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  • Kazakhstan Focuses On Water Saving To Ease Tensions With China – Kazakhstan & China have a history of tension over the Ili river but with changing waterscapes Kazakhstan is restructuring its water management. See more on why & how it is doing this from Dr. Lei Xie & Professor Shaofeng Jia from the Chinese Academy of Science
  • India’s Thermal Power Plants Threatened By Water Shortages – Water shortages are negatively impacting India’s ability to produce power. World Resources Institute’s Tianyi Luo updates us on water stress exposure, risks & opportunities for India’s power sector
  • Can Nepali Coffee Survive The Impacts Of Climate Change? – Coffee growers in Nepal’s hills are facing a double whammy; climate change and pests, which are also interlinked. Abhyaya Raj Joshi expands on the impacts so far & challenges to continue to produce
  • 2018 World Water Week: Key Takeaways – World Water Week 2018 saw exciting issues discussed from financing nature-based solutions to advancing water stewardship & valuing water. Check out more in our key takeaways from China Water Risk’s Woody Chan & Yuanchao Xu
  • Key Water Policies 2017 – 2018 – Missed out on key water and water-related policies in China this past year? Catch up with China Water Risk Woody Chan’s review, including the latest on the new Water Ten Law and environmental tax law
  • Water Permits: How to Get Water in China – How are water total water quotas set? How can you access water in China? China Water Risk gives an overview on these and the risks associated when China’s water permit system is reformed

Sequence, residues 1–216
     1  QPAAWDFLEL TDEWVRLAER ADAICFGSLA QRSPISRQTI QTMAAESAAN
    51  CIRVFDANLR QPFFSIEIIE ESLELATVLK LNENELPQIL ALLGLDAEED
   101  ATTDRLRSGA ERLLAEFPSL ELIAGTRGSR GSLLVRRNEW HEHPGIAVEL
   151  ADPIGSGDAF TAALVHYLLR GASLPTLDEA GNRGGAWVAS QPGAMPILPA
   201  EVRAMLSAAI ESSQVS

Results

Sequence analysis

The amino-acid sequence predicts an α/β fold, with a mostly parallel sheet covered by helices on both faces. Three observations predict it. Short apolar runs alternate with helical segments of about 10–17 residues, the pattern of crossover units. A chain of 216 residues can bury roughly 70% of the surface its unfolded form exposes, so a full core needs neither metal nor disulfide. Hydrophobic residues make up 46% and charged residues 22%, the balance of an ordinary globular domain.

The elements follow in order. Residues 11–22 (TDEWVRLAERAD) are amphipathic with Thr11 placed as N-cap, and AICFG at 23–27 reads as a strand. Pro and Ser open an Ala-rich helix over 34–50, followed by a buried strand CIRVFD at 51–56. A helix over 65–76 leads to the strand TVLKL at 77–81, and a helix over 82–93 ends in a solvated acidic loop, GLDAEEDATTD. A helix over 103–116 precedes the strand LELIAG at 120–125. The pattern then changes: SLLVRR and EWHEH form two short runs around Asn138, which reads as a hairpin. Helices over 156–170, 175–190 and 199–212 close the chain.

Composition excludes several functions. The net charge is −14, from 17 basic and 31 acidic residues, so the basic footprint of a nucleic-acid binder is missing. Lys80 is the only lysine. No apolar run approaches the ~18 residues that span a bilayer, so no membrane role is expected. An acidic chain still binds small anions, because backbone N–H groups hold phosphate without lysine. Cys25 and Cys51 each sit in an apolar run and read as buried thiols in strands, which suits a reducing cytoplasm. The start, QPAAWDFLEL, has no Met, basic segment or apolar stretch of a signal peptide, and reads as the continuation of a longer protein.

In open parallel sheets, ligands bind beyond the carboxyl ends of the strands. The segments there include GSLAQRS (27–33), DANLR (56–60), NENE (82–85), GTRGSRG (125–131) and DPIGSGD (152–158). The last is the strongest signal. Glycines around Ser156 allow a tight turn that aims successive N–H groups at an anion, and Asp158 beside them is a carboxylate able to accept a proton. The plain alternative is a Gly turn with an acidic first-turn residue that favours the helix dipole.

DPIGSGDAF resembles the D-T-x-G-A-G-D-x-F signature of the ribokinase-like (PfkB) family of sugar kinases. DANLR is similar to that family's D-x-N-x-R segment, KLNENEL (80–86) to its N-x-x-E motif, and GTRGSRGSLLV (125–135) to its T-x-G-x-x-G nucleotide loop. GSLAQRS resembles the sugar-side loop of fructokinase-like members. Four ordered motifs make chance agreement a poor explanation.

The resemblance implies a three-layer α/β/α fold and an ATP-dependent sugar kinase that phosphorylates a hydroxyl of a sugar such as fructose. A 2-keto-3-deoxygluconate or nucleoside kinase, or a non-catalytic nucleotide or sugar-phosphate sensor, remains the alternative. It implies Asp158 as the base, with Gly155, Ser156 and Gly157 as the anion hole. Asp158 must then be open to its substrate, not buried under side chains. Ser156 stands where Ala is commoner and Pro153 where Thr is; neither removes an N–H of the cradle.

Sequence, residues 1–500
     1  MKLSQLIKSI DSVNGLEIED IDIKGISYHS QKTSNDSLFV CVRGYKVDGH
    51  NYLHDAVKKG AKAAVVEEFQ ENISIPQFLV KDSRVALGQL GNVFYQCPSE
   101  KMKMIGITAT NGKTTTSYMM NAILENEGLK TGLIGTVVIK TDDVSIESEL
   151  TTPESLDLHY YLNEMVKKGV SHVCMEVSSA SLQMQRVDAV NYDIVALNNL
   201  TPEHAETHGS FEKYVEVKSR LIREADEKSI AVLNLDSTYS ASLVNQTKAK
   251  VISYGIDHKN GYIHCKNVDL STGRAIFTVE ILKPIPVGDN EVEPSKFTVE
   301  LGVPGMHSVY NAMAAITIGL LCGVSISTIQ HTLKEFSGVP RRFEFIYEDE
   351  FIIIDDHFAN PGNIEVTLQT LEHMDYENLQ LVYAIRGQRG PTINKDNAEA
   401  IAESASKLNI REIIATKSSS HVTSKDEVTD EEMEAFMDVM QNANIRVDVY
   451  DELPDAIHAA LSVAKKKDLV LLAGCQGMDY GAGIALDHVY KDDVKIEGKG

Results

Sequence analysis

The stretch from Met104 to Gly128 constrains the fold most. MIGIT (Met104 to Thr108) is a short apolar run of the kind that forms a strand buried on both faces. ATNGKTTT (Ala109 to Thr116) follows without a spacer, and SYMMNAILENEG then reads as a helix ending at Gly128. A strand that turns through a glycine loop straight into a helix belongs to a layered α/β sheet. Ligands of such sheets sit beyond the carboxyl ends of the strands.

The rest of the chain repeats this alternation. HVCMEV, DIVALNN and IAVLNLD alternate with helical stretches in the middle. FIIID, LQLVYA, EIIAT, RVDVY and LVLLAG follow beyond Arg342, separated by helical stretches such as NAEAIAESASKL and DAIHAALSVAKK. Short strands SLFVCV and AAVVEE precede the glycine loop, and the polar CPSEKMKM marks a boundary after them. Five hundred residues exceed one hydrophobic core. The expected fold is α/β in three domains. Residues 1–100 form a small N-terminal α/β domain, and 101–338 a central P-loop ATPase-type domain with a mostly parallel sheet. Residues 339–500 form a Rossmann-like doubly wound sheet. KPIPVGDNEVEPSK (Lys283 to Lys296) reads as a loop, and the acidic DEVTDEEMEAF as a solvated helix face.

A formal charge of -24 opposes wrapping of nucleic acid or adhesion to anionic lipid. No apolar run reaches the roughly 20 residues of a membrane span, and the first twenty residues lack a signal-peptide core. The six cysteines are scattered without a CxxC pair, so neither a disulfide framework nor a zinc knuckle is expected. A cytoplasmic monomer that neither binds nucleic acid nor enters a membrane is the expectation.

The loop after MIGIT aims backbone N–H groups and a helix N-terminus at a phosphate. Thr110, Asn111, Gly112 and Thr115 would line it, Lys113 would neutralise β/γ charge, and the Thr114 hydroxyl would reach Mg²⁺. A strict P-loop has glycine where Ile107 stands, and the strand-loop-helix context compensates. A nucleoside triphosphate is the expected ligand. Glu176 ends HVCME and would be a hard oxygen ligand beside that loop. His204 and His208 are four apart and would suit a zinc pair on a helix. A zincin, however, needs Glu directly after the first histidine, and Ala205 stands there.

• Water Rights in China – Professor Jia Shaofeng, Deputy Director of the Center for Water Resources Research of CAS,  shares his in-depth insights on water rights in China – what they are, who owns them, how can they be “traded” & why a market trading system should be the way forward
  • Reforming Water Permits in China – European and Chinese water policy experts Martin Griffiths & Chen Dongsheng gives an overview of their collaborative study on water permits systems as part of the China Europe Water Platform. What challenges lie ahead? What improvements are needed?
  • New Trading Markets to Enforce Red Lines – China has been experimenting with market mechanisms. Can China’s new water permit trading markets (discharge & use) help the nation hold its Three Red Lines on water use, efficiency & pollution as well as catalyze a bigger water market? Feng Hu expands

Prof. Zhao Jianshi
Author: Prof. Zhao Jianshi
Professor Zhao Jianshi is a tenured associate professor at the Department of Hydraulic Engineering in Tsinghua University. He is also the director of the Institute of Hydrology and Water Resources. His research interests include water resources planning and management, reservoir operation and international waters. In addition, he is the associate editor of the Journal of Water Resources Planning and Management and a committee member of the China Water Resources Association (2013-present).